I would suggest it is this subset of people that do not involve or inform others of these investments and cost saving opportunities. Their actions are a result of their competitiveness in acquiring more than those around them, such that they feel more powerful with the exclusivity of being involved in these opportunities while excluding their family and friends.

These people feel that if their investments work out, they will have more money than their family,  friends and acquaintances and reinforce their financial superiority. In the case of the cottage they would not let others know about the deal they received, yet they would invite guests to the cottage to show it off. The same would go for the suits or shoes; they would rather show up in the Armani suit or Christian Louboutin shoes to reinforce their perceived power and status and would not want others to present the same image.

As I have stated on numerous occasions, I find the psychology of money intriguing. Think how you and the people you know would respond to the above five situations and whether these situations would provide a view into your/their financial psyches.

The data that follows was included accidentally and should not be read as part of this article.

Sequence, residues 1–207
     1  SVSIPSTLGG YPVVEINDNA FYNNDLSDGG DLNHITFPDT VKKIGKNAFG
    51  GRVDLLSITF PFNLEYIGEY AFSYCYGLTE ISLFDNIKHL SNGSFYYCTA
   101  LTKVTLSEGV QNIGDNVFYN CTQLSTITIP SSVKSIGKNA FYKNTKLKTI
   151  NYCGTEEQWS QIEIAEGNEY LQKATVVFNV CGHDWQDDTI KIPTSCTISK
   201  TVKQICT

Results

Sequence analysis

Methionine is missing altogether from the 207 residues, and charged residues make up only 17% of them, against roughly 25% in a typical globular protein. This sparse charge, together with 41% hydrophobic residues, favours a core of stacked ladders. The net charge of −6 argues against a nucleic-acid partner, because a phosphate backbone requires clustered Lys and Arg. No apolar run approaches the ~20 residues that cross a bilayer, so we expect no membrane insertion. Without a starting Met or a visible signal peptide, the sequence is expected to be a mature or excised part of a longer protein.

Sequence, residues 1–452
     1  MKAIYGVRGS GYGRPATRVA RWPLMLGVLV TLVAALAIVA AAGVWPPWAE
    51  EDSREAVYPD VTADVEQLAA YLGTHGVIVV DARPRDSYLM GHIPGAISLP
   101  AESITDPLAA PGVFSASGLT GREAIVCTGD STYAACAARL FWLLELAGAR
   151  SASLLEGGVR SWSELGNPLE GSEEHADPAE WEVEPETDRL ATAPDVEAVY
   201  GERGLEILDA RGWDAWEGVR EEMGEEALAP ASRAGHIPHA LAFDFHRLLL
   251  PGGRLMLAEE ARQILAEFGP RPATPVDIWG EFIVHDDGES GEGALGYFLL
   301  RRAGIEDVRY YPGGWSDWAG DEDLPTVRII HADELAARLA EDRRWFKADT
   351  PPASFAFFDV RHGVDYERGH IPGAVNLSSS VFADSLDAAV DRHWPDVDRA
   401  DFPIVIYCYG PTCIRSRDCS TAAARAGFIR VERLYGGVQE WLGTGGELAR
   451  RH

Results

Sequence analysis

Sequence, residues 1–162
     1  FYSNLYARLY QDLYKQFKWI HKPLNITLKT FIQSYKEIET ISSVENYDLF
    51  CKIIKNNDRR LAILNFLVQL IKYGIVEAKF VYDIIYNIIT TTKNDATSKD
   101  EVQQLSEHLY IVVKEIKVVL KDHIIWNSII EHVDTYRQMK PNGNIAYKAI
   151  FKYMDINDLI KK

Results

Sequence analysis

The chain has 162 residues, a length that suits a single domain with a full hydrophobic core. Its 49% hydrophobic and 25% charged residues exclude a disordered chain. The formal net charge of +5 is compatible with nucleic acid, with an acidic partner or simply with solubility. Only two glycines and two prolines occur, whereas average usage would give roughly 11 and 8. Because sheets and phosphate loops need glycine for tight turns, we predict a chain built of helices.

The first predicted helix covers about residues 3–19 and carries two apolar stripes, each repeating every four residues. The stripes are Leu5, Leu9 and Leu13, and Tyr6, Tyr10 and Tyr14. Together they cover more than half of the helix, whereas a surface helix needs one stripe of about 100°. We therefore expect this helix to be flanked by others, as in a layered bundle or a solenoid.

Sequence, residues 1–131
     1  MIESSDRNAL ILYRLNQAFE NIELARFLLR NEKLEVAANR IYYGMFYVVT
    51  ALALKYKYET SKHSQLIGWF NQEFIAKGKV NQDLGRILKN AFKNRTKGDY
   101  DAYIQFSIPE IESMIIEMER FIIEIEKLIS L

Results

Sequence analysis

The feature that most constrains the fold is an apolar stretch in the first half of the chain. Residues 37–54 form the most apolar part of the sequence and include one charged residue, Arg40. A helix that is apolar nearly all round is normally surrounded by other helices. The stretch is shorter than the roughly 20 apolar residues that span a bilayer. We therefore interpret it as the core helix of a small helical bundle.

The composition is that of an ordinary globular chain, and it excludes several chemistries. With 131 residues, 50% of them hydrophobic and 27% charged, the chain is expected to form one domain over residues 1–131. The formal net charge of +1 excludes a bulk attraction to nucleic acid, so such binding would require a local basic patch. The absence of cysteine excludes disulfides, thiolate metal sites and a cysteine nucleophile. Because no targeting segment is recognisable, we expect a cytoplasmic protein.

P.S.-- Just so none of my family and friends think they were the inspiration for this blog post, it is based on "Someone that I Used to Know" as music artist Goyte would say.

The blogs posted on The Blunt Bean Counter provide information of a general nature. These posts should not be considered specific advice; as each reader's personal financial situation is unique and fact specific. Please contact a professional advisor prior to implementing or acting upon any of the information contained in one of the blogs.


  1. I actually started a financial gathering with a few close girl-friends. We meet every 3 months to talk about our finances, how we improved, what works, what doesn't work, what we need help with. It is a great way to learn, encourage and inspire eachother